When we go to Confession, we don’t just have our sins forgiven. We gain grace and strength to live out our womanly vocation. Additionally, depending on the priest, we can get some really good insights and/or advice. Even if we don’t, we still encounter Christ in a very real and profound way in Confession.

Sure, just like the liturgy, it is great if get to confess to a priest who is on fire for his faith and truly a vessel of Christ. But, sadly, that just isn’t always going to happen unless we are blessed to be in a parish with priests who understand the value of the sacrament. We just need to remember that no matter what vessel Jesus decides to use, it is JESUS we confess to in the Sacrament. Years ago, I read in a book that when we go to confession we “whisper into the ear of Jesus.” That has made such an impact on me and to this day I try to remember that when I go to confession.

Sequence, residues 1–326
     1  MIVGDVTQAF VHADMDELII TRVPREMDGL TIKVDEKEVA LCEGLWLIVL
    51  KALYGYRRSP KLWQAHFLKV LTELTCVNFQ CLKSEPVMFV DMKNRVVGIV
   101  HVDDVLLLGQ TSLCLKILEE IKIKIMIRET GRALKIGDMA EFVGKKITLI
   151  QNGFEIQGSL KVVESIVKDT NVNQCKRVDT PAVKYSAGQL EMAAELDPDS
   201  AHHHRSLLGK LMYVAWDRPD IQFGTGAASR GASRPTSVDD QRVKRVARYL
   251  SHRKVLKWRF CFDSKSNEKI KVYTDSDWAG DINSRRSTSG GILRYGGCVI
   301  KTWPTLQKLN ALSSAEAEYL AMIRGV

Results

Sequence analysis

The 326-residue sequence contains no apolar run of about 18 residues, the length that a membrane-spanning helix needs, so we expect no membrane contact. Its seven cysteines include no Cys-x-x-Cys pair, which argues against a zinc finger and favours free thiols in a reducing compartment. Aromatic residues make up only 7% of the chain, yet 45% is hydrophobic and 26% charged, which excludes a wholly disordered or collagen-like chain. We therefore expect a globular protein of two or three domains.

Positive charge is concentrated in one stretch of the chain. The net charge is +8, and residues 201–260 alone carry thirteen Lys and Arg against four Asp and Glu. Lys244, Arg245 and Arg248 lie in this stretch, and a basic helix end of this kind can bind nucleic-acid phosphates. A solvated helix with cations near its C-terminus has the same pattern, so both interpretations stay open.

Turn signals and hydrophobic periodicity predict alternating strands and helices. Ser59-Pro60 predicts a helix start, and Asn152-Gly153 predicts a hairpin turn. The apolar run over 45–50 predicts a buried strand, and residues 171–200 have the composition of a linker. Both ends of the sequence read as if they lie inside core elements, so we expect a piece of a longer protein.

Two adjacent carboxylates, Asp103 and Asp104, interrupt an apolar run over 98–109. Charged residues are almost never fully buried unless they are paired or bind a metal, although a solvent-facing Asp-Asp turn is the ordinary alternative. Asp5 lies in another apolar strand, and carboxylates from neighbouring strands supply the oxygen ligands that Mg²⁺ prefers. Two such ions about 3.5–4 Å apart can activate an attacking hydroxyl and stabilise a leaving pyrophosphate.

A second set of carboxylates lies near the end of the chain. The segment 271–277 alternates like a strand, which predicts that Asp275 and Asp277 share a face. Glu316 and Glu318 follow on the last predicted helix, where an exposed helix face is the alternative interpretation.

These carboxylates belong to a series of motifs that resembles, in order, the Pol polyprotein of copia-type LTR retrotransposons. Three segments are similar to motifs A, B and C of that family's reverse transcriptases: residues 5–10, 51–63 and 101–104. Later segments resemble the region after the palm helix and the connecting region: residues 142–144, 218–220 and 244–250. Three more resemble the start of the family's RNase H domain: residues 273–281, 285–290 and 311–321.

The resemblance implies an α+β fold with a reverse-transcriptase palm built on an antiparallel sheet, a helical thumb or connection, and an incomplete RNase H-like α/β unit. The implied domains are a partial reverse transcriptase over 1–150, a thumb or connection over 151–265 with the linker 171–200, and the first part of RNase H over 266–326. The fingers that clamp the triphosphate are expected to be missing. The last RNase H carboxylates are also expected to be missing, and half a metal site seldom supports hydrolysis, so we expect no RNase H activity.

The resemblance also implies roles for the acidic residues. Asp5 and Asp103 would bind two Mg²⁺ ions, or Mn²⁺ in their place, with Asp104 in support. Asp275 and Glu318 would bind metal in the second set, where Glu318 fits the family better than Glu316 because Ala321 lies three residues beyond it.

Over the years, I have gone to confession to some wonderful priests and there have been times when I left the confessional wondering if the sacrament was valid! One day I realized that I have a choice. I know the priests in the area that I like and I try to make a point of confessing to them. Of course, I realize that I am blessed to live in an area where there are several churches with at least two priests in the parish. If you live in an area where that is not possible, please don’t let that stop you from the Sacrament. The grace is still there!

So please, if you can, please take the opportunity to go to confession. Here is a little blurb on how to make a good confession, if you need it.

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Tweetable: Give Yourself the Gift of Confession

Ten Meatless Meals for Lent